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Angels' Jo-Jo Reyes earns win in first majors appearance in four years

Angels' Jo-Jo Reyes earns win in first majors appearance in four years
Texas' Elvis Andrus reacts after being tagged out trying to steal second to end an 11-10 loss to the Angels on Oct. 3. (Richard Rodriguez / Tribune News Service)

Jo-Jo Reyes was three weeks into his off-season when he got a call from an unknown number last weekend.

"I saw a Massachusetts number and said, 'Who's this?'" said Reyes, a journeyman left-hander who hadn't pitched since the triple-A season ended on Sept. 7. "I thought it was a telemarketer, and I wasn't going to answer it."

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It was Angels Assistant General Manager Matt Klentak telling Reyes to come to Anaheim for a workout. Reyes, who pitched two years in Korea and the first half of this season in Mexico, threw in the bullpen and was added to the roster Wednesday.

Reyes, making his first big-league appearance in four years, entered Saturday's game and threw one pitch, getting Prince Fielder to line out to shortstop to end the eighth inning. He wound up notching the win when the Angels rallied for five runs in the top of the ninth.

"Right place, right time," Reyes, 30, said. "These guys did all the work. I threw one pitch. It was one of the funnest games I've ever been a part of."

Reyes got the win, but left-hander Jose Alvarez delivered the biggest relief effort. After the Rangers scored four runs in the fifth to tie the score, 5-5, Alvarez, with two on and no outs, struck out Fielder, got Mike Napoli to fly to left and struck out Josh Hamilton to keep the teams even.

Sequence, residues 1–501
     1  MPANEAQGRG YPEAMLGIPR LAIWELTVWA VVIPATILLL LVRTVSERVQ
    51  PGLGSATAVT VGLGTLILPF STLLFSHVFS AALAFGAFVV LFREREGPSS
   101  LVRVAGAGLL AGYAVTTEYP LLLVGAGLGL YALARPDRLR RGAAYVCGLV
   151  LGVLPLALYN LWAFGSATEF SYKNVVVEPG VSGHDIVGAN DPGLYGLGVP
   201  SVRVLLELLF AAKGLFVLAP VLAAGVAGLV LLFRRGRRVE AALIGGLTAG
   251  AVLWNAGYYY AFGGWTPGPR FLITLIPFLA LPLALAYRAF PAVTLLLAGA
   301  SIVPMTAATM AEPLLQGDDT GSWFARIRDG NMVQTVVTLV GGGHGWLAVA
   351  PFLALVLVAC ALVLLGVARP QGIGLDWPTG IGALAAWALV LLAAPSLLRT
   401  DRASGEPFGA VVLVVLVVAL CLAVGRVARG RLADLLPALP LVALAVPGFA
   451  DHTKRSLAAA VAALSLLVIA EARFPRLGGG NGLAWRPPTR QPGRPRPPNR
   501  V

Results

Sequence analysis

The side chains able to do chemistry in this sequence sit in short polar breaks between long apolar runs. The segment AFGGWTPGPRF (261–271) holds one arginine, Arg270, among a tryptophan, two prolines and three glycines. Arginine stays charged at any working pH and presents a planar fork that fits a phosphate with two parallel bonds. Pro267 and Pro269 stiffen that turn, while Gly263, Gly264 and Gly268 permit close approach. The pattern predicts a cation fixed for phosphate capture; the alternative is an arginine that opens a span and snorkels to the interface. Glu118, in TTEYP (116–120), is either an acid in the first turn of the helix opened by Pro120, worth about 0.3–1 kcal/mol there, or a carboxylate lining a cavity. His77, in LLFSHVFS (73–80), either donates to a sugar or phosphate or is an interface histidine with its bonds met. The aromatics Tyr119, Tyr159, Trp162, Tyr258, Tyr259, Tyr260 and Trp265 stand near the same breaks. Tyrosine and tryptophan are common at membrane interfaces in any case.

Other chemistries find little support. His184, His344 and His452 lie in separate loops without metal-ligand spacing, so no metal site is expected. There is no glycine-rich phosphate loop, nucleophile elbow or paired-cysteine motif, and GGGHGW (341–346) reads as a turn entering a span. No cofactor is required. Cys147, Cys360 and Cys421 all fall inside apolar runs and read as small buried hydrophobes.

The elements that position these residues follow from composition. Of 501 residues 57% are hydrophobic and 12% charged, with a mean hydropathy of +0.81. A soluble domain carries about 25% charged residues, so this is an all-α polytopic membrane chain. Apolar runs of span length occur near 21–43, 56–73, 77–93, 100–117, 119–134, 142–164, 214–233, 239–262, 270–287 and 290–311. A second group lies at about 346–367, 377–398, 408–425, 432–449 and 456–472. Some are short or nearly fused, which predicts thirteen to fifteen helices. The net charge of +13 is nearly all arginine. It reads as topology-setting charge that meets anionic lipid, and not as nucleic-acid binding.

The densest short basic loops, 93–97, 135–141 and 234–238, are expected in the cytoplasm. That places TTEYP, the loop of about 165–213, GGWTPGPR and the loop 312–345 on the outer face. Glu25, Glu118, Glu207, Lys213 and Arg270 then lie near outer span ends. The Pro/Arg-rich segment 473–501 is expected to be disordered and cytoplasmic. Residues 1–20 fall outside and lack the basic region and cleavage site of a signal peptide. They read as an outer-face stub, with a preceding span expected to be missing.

"After I got those two outs, I fought with everything I had against Hamilton," Alvarez said through an interpreter. "Thankfully it went our way and the game stayed right there, giving us a chance to win."

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Rangers second baseman Rougned Odor apologized for a hard fifth-inning slide on which he spiked Johnny Giavotella on the left shin. "I'm not holding any grudges," said Giavotella, who had the game-winning hit in the ninth, "but I'm very grateful I came up with that big knock."

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The 18 pitchers used by the Rangers and Angels set an American League record for a nine-inning game and tied the major league record set by St. Louis and Pittsburgh on Sept. 30, 2007.

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Giavotella scored on a wild pitch in a four-run fifth, the major league-leading 18th time the Angels have scored on a wild pitch this season.

Follow Mike DiGiovanna on Twitter @MikeDiGiovanna

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